New Jersey is different from a lot of US states in that its home values are higher than average. Naturally, New Jersey residents want to use this to their advantage. To do so, one might seek out a New Jersey home equity loan to refinance their debts, or borrow inexpensive money from their home equity.
In places where the market prices for homes are well above average, the home equity loan is more popular. New Jersey, being in the heart of the east coast, has high property values, and a financially-astute population. Many people work in New York, only to commute back to their homes in New Jersey at the end of the day. Naturally, this group is very interested in finance, and using a home equity loan to improve their personal finance.
Home Equity Loans Explained
A home equity loan is simply a loan you take out against the current value of your home, minus any existing debts on your home. For example, if you were to own a $500,000 home and have an outstanding mortgage worth $300,000, then you would have home equity worth $200,000.
Unfortunately, most people cannot borrow 100% of their home equity. Instead, a New Jersey home equity loan is likely to come with a “loan to value” clause, which states that the lender will make loans only against a percentage of the home’s value. Generally, the threshold for a loan to value is 80%, meaning the bank will allow you to have 80% of your home’s value in debt.
Thus, on a $500,000 home, a bank will allow a New Jersey homeowner to have up to $400,000 in first and second (home equity) mortgage debt. So, if you were to own a $500,000 home and have $300,000 in debt outstanding, the bank would be willing to loan the difference of $400,000 (80% of the home’s value) and the current debt ($300,000) for a loan of $100,000.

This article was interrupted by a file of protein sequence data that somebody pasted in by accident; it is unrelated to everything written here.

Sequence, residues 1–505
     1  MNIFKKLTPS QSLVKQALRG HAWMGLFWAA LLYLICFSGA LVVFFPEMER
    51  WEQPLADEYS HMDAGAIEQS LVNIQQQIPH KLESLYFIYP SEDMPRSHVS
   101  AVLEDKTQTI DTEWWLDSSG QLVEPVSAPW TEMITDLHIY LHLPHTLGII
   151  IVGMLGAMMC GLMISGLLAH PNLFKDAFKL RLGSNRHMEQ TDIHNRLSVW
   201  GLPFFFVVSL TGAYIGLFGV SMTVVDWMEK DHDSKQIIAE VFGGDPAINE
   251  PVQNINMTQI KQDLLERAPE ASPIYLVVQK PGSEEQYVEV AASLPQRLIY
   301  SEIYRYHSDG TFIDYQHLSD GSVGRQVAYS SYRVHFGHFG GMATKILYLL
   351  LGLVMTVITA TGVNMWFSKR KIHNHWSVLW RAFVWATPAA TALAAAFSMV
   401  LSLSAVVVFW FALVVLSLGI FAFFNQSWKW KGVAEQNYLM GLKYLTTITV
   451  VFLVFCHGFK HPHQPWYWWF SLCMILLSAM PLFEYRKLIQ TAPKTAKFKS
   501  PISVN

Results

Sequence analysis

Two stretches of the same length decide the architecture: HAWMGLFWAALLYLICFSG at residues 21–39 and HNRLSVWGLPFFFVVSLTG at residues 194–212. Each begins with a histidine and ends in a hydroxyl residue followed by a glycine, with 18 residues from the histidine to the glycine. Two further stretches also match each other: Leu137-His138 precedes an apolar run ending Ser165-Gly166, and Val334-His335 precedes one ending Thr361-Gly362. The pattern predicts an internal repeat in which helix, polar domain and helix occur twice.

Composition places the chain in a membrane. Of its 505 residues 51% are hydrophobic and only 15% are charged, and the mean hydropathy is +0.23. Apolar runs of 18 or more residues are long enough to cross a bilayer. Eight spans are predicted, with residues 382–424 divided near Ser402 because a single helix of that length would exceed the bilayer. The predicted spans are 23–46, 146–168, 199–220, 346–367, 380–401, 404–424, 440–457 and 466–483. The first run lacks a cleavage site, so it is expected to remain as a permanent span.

Home Equity Financing
New Jersey home equity loans are a great way to finance any major project. In general, homeowners use home equity loans to pay down other high interest debt, buy a new car or boat, finance the purchase of investment property, or invest in their retirement portfolios. A great deal of home equity loan interest also comes from people who want to borrow from their home’s equity to improve their home value with renovation projects, or major construction efforts.
Home equity loans are most appetizing to borrowers because they feature:
Low rates – The lowest rates on debt will always come from debt that is secured by real property. A home equity loan is secured by your home—if you can’t pay your loan, the bank takes possession of your home. This security allows a home equity lender to offer very low interest rates on home equity lines of credit, and many borrowers find that a home equity loan is cheaper than any car loan, personal loan, student loan, or any other type of consumer borrowing mechanism.
Tax advantages – Home mortgage interest, unlike car loan interest, or personal loan interest, is tax-deductible. Thus, if you were to pay $10,000 in interest in any given year, the amount of money beyond the standard deduction would go directly against your income for that year. Let’s assume that you had earned income of $200,000 one year, and paid $10,000 in mortgage interest. Through the tax code, you take that $10,000 off your income, thus meaning that only $190,000 of your income is taxed.
Simplicity – A home equity loan is easy to apply for and receive as long as you have sufficient equity in your home to borrow the amount of money you wish to borrow. Typically, a New Jersey home equity loan will feature a repayment schedule of 5-30 years, allowing you to enjoy the benefits of home equity today while paying a very low interest rate and monthly payment for a period of years.